December 15, 2015
It was one of those strange coincidences today… at breakfast this morning, I was sharing with my AGU Meeting undergraduate mentee Kimberly (you’ll learn more about her in a future post!) how I was out to sea last year on a hydrographic survey with NOAA. And when I was asked to share my experience at the Smithsonian Institution during World Hydrography Day, I put a Captain America spin on the work as a “hook” to pull people in to learn about how we map our ocean floors (see my blog post on starting with Captain America for science communication).
So fast forward just a few hours… Kimberly and I waited patiently in the long, winding line to enter Hall E in Moscone North for a special general session during lunchtime. The only information we had ahead of time was the following: “Peter Diamandis and other XPRIZE representatives will be at the Fall Meeting to formally announce a new XPRIZE competition.” I was aware of XPRIZE and their model of an incentivized competition to bring new technology into existence and drive exploration (Dr. Diamandis shared with the audience he learned that even Charles Lindbergh was motivated by a $25,000 prize to complete his nonstop flight from New York to Paris). And XPRIZE works with scientists in asking the question – what are the world’s biggest problems that haven’t been solved that should be solved?
“Oceans” is one of the categories of the XPRIZE competition. XPRIZE has committed, from the period of 2010-2020, to launch at least five XPRIZEs. Paul Bunje (XPRIZE) shared that they want to put oceans on an unstoppable path to be understood, to be healthy, and to be valued. The first ocean challenge was for ocean clean up (after Deepwater Horizon), the second ocean challenge was focused on ocean health, and the third ocean challenge… drumroll, please… addresses mapping and exploring the ocean floor!
This YouTube video should give you at least a snapshot overview of the challenge, a $7 Million Shell Ocean Discovery Prize, with a bonus $1 million NOAA Bonus Prize (the ability to also detect and track a chemical or biological signal autonomously):
Some of the sound bytes that I noted from this Special Session:
- This (XPRIZE)is a new Moon Shot, a new Space Race
- The XPRIZE is a chance for humanity to come together to innovate
- This prize will democratize access to these areas like the ocean floor
- (and a fact all oceanographers are painfully aware of…) Only ~5% of our ocean floor has been mapped, so what is on the other 95% of the ocean floor?
With my “press pass” as an AGU Blogger, I was able to attend the follow-up press conference right after the Special Session.There were some additional sound bytes I picked up on:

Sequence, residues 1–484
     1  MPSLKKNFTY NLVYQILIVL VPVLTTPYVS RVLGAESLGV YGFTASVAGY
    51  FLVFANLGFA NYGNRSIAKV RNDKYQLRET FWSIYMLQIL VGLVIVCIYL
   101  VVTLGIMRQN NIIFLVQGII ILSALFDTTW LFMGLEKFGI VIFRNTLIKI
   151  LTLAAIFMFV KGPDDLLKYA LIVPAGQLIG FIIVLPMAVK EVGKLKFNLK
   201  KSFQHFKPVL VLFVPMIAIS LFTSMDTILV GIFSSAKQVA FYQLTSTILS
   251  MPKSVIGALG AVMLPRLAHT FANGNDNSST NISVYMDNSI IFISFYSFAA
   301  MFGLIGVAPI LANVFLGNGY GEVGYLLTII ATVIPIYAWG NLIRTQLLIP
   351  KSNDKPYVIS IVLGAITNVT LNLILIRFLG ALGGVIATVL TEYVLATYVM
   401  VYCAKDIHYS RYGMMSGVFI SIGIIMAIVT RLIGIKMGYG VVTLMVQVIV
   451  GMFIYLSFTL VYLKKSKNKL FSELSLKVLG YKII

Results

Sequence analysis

- Once the ocean floor is mapped, that doesn’t mean the ocean isn’t changing – can we get to real-time rapid ocean floor characterization?
- Technical ancillary improvements may come out of this competition for communication, data visualizations, etc.
- (and two of my favorite lines…) The challenge of the XPRIZE is hard. Mapping the ocean floor is hard.
It was interesting to hear the questions being asked by the press and the responses. One member of the press asked about the three most important unknowns of the ocean bottom. Responses included:
- 30-60% of marine species are currently unknown
- there is an estimated 3 million shipwrecks on the ocean floor (from UNESCO), which is human history yet to be discovered
- there are undersea volcanoes and rift zones yet to be discovered
And then, this same member of the press asked the panel for additional unknowns! Responses included:
- we seek cures/treatments from what lives underwater – so what treatments do we not have yet?
- we need a better understanding of the ocean’s contributions to the carbon cycle (sources and sinks)
- mineral resources we can mine from the ocean floor – where are they, and how much?
The registration deadline for teams is June 2016, with the award to be made in December 2018. More specifics about the project requirements can be found at: http://oceandiscovery.xprize.org/. Read more in EOS at Autonomous Undersea Technologies to Vie for New XPRIZE.
OK, I have to put my “educator” hat on here to wrap up this blog post… how could I use this XPRIZE challenge with my students? How could I get them to understand why this is a problem (mapping the ocean floor) worth solving and worthy of a XPRIZE competition? What path would they (students) take to make the oceans understood, healthy, and valued? In my push to have students understand the process of science, perhaps it is time to add to my instruction how funded competitions add to and drive innovation.